- Baccalaureate IB: No specific subjects required.
We recognise the individual nature of each application and our typical offer should be viewed as a guide. UNC Bristol welcomes interest from applicants who may not have the standard entry requirements. We will consider evidence of your relevant personal, professional or educational experience where it demonstrates an ability and potential to succeed on the course. Please include details of any relevant experience in your application. If you think you’ll achieve a higher tariff score, you may be interested in our BA(Hons) Business and Law. If you receive an offer for this course, you may be invited to attend an Offer Holder Day in February or March. These are a great opportunity to find out what it’s really like to study here. You’ll experience taster lectures or workshops, meet your course tutors, current students and other offer holders. Read more about entry requirements. International applicants If you are an international student your route of study for this degree is through UNC Bristol’s International College which, upon successful completion to the required level and with good attendance, guarantees entry to Year one of the degree. Offer types If you have not received your exam results, your offer from us will be conditional and will be subject to you achieving the tariff points/grades required for your course. If you have already satisfied the academic entry requirements of your chosen course, you are likely to be made an unconditional offer. Please note that we will only make unconditional offers if you have already achieved your qualifications. To make sure our applicants are academically prepared for when they start their studies here, we do not make unconditional offers to those that are still studying their Level 3 qualifications (such as A-levels, BTEC, Access or equivalent). We hope that this will encourage our applicants to value their academic achievements as much as we do.
|Home/EU-Full Time-Annual (Per Year) Fee||9250|
|Home/EU-Full Time-Module Fee (15 Credit)||1156|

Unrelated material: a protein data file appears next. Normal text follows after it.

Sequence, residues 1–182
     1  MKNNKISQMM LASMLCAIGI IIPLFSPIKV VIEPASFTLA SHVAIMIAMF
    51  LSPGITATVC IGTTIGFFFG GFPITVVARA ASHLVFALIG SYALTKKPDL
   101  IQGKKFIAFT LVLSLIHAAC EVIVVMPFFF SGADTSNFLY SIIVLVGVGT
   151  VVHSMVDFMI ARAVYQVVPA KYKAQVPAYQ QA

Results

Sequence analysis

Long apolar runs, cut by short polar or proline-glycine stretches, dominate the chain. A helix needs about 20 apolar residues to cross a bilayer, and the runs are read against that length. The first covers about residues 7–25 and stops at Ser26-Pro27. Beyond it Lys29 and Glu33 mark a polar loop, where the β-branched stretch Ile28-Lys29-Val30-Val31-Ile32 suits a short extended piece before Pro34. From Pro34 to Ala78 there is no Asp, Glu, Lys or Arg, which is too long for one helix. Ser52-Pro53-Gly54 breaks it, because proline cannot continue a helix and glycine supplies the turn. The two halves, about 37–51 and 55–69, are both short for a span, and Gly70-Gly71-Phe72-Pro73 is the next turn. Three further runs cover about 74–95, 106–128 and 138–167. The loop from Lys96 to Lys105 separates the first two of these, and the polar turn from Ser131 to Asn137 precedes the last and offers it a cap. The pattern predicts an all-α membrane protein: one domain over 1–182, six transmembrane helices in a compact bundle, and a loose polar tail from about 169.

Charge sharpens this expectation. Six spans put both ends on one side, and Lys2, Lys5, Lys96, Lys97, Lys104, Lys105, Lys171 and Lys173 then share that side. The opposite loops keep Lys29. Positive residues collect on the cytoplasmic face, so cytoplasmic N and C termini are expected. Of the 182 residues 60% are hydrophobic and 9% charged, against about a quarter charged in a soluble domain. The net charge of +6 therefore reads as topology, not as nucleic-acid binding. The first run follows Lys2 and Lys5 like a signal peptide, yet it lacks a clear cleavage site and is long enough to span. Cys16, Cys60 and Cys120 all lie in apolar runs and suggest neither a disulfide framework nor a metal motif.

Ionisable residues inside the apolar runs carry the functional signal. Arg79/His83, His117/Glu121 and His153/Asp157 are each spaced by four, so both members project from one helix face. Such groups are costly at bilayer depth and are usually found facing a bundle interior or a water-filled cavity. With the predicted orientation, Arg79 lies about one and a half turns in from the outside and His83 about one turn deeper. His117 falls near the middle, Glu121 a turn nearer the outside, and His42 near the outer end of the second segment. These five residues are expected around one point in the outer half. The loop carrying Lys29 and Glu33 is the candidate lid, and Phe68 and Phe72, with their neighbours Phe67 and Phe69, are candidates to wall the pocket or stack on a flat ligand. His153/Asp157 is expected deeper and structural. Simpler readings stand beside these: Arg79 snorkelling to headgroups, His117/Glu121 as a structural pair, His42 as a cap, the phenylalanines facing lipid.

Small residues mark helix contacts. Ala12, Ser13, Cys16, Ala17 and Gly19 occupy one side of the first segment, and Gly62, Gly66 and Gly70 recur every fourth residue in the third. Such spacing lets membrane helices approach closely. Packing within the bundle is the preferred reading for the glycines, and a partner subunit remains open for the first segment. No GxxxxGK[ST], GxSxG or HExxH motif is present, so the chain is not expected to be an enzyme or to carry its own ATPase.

|International-Full Time-Annual (Per Year) Fee||13000|
|International-Full Time-Module Fee (15 Credit)||1625|
Learning and teaching
As a student at Newcastle, you will play an active part in your acquisition of skills and knowledge. Teaching is by a mixture of formal lectures and small group seminars. The seminars are designed to generate informed discussion around set topics and may involve student presentations and group exercises as well as open discussion. We take pride in the close and friendly working relationship we have with our students. You will have a team of advisers to support you, including the Programme Directors, your dissertation supervisor and tutors and your module convenors.
For every hour spent in formal classes, you will be expected to complete further hours of independent study. Your individual study time could be spent preparing for, or following up on formal study sessions; reading; producing written work; completing projects; and revising for examinations. The direction of your individual study will be guided by the formal study sessions you attend, along with your reading lists and assignments. However, we expect you to demonstrate an active role in your own learning by reading widely and expanding your own knowledge, understanding and critical ability. Independent study will foster in you the ability to identify your own learning needs and determine which areas you need to focus on to become proficient in your subject area. This is an important transferable skill and will help to prepare you for the transition to working life.
Students are assessed by a combination of coursework and exams. Each module has its own distinct method of assessment. You will have to take this into account when choosing your modules and when planning your study time over the academic year.
You will also be assessed on a 15,000-word dissertation.